Dogs talk!! Can you believe it? They tell me things! I told my mother this the other day, and I think she just about blew her gasket. She looked at me real concerned, yet entertained, tilted her head and said, “Oh yeah…what DO they tell you?” I told her they tell me lots of things. They tell me they are hungry, tired, scared, nervous, and when they want to play!
I want to share some information on “calming signals” coined by the famous Turid Rugaas.
“To be able to communicate, to be actually understood by dogs, that is a wonderful feeling for people and dogs alike. Calming signals are the key and seeing through that opened door has been looking into a childhood dream of talking to the animals.” -Turid Rugaas
We have to realize dogs are not humans, and yes we have to accomodate them like they accomodate us. They don’t understand english and don’t have the ability to speak it. However, we have the ability to LISTEN to our dogs, just like they listen to us when they understand what we are saying.
For example, if you tell your dog to sit, and they have never learned the command, they will look at you like you are nuts. If you taught them other tricks they might try some of them to try to please you (dogs love to please)! This would be like someone telling you to sit in another language and you wouldn’t understand. How would you feel if someone just pushed you down to sit? Not very good I bet. Dogs don’t either. We need to communicate more effectively. One way is to use treats to mark their behavior. If your dog sits…click and reward! Eventually you catch the behavior and click it and add a name then reward. The dog will associate the word with the action. Just like if that person who told you to sit gave some positive praise when you sat down and said the word again. That would probably be annoying, unless we got some sort of “treat” from the person, like we would give to dogs. There are many ways to teach tricks, but we need to be patient and realize they don’t speak english people!
When dogs are reactive, calming signals are very important for the person and the dog. There are different types of training including BAT where people click calming behaviors, but the most important thing is to recognize them. When your dog is nervous, you should know. Especially if your dog is going to explode. If you have a reactive dog, you know what I mean. You don’t want your dog to reach threshold (where they can’t think they just explode—barking lunging, growling, etc).
Some calming signals I see my dog use frequently is licking her lips, tongue flicking, head turning, and laying down. She knows our neighbors dog is SUPER shy…so she lays down when she sees the dog to calm it down and say, “Hey, it’s okay!”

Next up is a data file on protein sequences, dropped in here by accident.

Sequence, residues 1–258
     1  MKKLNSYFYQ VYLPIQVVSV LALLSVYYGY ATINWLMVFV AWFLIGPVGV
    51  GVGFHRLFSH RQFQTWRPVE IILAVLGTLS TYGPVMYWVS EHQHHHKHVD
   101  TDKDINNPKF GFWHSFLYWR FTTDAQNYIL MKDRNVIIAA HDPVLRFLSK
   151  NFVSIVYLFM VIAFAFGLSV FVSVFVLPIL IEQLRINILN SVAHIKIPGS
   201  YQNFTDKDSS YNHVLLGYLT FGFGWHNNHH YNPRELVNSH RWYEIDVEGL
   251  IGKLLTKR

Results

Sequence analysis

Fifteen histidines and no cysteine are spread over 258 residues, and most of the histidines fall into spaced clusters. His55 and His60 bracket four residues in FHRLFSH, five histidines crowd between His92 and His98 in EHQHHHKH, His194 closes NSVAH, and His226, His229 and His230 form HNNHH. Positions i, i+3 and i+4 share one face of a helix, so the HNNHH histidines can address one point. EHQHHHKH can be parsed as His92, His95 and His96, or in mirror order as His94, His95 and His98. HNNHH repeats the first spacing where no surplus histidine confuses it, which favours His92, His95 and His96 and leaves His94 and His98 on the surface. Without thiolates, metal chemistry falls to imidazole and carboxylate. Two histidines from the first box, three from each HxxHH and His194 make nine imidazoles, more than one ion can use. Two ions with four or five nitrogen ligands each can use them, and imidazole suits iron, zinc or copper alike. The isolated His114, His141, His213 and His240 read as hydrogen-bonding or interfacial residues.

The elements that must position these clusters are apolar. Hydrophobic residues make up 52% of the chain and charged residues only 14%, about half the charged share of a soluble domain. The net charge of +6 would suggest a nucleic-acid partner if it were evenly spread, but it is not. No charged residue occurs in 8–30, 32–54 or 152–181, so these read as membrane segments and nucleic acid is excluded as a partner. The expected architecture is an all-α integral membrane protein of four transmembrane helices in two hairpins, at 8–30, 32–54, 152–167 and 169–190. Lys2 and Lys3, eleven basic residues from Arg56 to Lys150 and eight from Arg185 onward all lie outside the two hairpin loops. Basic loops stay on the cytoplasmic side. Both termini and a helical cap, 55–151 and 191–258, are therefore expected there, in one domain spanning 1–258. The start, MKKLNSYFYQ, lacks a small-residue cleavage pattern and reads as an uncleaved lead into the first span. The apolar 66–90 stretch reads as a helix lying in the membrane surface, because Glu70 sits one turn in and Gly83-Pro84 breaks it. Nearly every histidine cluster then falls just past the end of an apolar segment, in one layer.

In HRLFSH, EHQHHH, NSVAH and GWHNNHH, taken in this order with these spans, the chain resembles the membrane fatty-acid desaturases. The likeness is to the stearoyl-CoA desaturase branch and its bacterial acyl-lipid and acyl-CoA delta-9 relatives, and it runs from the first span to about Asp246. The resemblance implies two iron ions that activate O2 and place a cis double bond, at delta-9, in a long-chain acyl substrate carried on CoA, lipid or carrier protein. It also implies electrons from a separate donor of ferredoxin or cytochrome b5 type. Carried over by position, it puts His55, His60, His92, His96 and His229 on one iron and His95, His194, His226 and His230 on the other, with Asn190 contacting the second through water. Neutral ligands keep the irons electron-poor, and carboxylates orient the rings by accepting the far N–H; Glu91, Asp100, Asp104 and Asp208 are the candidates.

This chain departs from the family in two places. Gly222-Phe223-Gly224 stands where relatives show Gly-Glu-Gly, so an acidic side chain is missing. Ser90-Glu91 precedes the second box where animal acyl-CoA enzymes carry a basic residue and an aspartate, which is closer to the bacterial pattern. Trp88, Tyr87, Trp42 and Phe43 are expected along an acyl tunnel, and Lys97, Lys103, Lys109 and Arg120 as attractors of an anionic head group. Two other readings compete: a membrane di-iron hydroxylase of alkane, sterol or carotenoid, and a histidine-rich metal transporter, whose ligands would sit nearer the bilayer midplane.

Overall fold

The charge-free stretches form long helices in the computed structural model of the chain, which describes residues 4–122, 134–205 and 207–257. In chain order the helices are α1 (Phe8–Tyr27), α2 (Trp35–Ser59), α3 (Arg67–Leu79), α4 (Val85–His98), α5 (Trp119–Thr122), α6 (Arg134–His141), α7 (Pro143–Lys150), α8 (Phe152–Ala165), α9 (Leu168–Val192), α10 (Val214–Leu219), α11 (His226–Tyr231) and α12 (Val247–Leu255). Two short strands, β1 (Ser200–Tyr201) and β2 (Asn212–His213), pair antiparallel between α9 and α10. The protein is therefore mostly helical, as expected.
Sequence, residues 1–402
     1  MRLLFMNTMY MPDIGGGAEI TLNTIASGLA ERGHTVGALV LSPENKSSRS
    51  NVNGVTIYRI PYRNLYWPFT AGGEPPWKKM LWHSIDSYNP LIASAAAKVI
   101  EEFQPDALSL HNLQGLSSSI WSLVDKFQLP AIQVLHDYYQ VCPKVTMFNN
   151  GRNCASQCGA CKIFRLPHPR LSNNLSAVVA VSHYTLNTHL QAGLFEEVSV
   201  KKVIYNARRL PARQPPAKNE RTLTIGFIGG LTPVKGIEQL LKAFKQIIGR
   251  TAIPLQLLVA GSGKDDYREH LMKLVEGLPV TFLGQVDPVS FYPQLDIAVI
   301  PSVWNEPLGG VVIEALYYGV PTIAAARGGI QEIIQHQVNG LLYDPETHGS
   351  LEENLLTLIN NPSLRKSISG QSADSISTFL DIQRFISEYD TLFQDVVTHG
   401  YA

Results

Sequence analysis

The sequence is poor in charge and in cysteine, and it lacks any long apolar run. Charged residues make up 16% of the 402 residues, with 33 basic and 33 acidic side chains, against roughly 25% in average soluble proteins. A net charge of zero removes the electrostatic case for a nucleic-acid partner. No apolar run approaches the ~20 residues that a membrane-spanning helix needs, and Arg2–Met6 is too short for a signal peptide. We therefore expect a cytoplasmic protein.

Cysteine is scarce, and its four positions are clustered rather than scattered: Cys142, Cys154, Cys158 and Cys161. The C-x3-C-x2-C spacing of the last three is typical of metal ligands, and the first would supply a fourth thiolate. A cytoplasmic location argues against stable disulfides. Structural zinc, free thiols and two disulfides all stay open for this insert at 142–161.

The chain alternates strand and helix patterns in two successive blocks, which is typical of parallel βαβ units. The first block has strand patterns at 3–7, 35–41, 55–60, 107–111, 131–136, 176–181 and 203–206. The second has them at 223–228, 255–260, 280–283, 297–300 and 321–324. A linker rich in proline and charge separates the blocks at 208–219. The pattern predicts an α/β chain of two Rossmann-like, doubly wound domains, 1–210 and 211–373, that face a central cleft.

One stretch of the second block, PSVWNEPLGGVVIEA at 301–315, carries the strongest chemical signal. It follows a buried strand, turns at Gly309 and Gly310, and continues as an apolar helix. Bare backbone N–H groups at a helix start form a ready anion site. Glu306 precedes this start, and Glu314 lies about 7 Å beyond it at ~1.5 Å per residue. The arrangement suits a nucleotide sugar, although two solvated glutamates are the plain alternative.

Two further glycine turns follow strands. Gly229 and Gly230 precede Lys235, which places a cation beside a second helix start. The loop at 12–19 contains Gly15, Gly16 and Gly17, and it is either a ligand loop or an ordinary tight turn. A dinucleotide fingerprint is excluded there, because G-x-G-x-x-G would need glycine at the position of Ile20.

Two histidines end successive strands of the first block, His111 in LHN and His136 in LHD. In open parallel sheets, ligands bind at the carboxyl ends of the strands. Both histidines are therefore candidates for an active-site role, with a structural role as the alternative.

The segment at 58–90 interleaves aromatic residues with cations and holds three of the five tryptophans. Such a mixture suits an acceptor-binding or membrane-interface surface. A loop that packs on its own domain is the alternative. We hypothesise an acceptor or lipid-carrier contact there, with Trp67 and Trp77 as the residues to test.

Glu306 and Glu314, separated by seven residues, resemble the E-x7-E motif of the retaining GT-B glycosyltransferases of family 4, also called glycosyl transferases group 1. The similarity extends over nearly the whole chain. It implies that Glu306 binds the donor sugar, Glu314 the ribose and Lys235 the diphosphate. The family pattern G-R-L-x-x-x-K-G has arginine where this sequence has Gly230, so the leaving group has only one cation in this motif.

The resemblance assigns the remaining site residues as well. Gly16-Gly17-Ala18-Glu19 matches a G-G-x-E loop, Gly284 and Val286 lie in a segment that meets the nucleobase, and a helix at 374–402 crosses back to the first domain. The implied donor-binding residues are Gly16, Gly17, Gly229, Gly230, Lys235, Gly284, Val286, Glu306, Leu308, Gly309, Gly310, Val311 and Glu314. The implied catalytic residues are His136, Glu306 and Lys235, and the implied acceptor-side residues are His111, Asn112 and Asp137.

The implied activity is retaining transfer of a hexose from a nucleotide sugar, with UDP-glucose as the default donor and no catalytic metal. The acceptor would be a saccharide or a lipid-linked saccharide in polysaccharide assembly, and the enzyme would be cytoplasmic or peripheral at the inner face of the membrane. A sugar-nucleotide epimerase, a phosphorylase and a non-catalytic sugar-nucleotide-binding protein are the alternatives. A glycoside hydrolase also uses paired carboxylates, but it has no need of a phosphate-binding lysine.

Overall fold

At training over the weekend, a neighbors dog was barking it’s head off and I knew she was nervous. Not only did I notice her tense body and stiff curled tail, I saw her tongue flicking and licking her lips. If my husband gets too close to her face, she turns her face to say, “I’m nervous, I ned to calm down.” Sometimes dogs are telling others it is okay, and sometimes they are telling YOU they need more space or are nervous.
At first I thought this was not true, I never heard of these calming signals. The more I paid attention to my dog, the more I noticed she did communicate to me…and I wasn’t listening. After more practice I noticed she was telling me things, and I could actually communicate too. Yawning and body shaking are also calming signals. Oreo frequently uses body shaking when she gets out of the car at training to calm herself down. As I’m writing my husband dropped something upstairs and there was a loud noise. Oreo just licked her lips to calm herself down.
You can also use calming signals with your dog. For example, a few minutes ago I did a tongue flick (oh how silly we look to humans) and Oreo responded by laying down saying, “It’s okay mom! Be calm, I am!”
Try and it will amaze you!!
*On a side note, Oreo had training on Saturday and did great! She wanted to play with another dog, but when getting closer, she sat a few feet away. The woman with the other dog was feeding her dog treats and Oreo would look at the woman, then at the dog getting the treat. She would repeat this, taking everything in, trying to understand and watch. She did this all herself with no commands or anything! Then she moved up a few feet and sat right next to the dog (1 foot away). The woman fed both dogs with treats and they were both great! Yay! This is a big landmark for Oreo. Not just because she wanted to play at first, or because she was near the dog without reacting, but because she was CALM. She was focused and didn’t mind the dog was there. In the past she would want to play with the dog and wouldn’t be able to control herself. Puppy Oreo would jump all over the dog. Reactive Oreo would be lunging and putting on her tough act. New Oreo is calm!